Friday, 22 June 2018

cantril’s ladder

Princeton psychology professor Hadley Cantril (*1906 - †1969) made significant contributions to the field, looking into the applications in polling and propaganda and was in a way responsible for making political allegiance a contemporary defining trait—or at least a topic of discussion and amplification.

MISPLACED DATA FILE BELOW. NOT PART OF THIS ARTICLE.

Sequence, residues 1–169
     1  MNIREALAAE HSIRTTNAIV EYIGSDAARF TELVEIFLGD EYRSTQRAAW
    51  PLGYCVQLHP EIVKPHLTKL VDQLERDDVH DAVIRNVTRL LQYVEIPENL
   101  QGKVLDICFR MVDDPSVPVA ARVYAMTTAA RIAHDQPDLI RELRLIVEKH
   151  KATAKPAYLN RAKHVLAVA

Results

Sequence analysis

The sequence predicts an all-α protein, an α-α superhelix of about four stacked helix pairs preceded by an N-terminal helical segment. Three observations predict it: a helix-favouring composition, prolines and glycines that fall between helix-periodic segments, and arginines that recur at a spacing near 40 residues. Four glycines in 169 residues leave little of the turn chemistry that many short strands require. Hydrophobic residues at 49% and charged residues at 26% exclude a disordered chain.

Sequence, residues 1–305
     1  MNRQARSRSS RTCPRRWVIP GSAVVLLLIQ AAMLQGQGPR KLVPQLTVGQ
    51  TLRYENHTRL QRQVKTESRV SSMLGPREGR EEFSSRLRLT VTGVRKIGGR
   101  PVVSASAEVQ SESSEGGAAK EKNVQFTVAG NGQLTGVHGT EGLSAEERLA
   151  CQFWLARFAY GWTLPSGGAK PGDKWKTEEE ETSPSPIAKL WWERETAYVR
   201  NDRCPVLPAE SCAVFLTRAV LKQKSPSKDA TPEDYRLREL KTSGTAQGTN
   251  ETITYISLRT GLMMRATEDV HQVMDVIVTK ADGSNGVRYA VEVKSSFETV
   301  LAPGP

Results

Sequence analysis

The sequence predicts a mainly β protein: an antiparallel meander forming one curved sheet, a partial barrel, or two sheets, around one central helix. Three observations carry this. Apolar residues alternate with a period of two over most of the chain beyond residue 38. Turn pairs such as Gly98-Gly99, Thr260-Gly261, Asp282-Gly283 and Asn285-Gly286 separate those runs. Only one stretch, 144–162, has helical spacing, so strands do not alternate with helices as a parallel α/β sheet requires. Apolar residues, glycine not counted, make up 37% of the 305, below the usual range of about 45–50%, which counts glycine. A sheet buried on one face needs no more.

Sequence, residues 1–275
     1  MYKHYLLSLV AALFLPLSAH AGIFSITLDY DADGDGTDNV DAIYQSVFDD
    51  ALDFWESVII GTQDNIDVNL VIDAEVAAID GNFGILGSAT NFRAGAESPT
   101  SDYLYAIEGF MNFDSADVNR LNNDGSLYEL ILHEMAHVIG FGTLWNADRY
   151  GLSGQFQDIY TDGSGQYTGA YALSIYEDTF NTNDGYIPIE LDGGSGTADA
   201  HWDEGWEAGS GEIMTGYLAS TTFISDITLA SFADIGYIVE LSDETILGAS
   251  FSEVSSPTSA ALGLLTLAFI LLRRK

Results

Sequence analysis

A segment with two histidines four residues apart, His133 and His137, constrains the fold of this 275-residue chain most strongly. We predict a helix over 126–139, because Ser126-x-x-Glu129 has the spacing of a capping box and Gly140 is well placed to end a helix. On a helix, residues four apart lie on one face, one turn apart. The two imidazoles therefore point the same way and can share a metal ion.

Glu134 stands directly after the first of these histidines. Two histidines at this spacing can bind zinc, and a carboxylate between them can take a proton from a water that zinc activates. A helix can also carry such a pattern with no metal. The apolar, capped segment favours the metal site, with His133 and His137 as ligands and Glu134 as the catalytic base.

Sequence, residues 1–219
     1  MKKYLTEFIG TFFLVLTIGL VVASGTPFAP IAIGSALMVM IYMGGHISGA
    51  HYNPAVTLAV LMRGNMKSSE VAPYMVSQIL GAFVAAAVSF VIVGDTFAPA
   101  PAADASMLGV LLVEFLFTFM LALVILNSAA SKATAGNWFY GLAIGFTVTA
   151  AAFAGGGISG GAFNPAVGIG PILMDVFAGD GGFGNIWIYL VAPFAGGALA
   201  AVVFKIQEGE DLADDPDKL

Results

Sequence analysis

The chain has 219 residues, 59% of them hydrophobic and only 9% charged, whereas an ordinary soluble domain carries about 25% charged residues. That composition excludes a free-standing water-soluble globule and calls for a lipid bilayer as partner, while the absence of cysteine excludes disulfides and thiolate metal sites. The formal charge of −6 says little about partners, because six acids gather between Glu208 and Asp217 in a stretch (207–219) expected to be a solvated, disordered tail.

Studying in Münchin and Berlin in the 1930s and examining the panic that the 1938 Orson Welles’ broadcast of War of the Worlds as a radio drama caused, Cantril devoted his work into public opinion research, building on the work of George Gallop. Working through the seemingly paradoxical results he was discovering—particularly among the American polis—Cantril developed a gauge for self-anchoring, a cognitive bias (previously) that affect decision-making by relying too heavily on initial information at the cost of ignoring subsequent results, which is perniciously difficult to avoid.